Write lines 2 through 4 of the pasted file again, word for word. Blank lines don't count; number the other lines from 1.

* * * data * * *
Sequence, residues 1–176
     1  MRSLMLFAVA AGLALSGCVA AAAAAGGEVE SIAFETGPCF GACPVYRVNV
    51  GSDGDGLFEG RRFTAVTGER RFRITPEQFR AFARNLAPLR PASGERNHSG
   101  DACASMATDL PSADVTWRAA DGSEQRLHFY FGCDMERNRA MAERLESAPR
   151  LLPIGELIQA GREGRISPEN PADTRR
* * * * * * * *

     1  MRSLMLFAVA AGLALSGCVA AAAAAGGEVE SIAFETGPCF GACPVYRVNV
    51  GSDGDGLFEG RRFTAVTGER RFRITPEQFR AFARNLAPLR PASGERNHSG
   101  DACASMATDL PSADVTWRAA DGSEQRLHFY FGCDMERNRA MAERLESAPR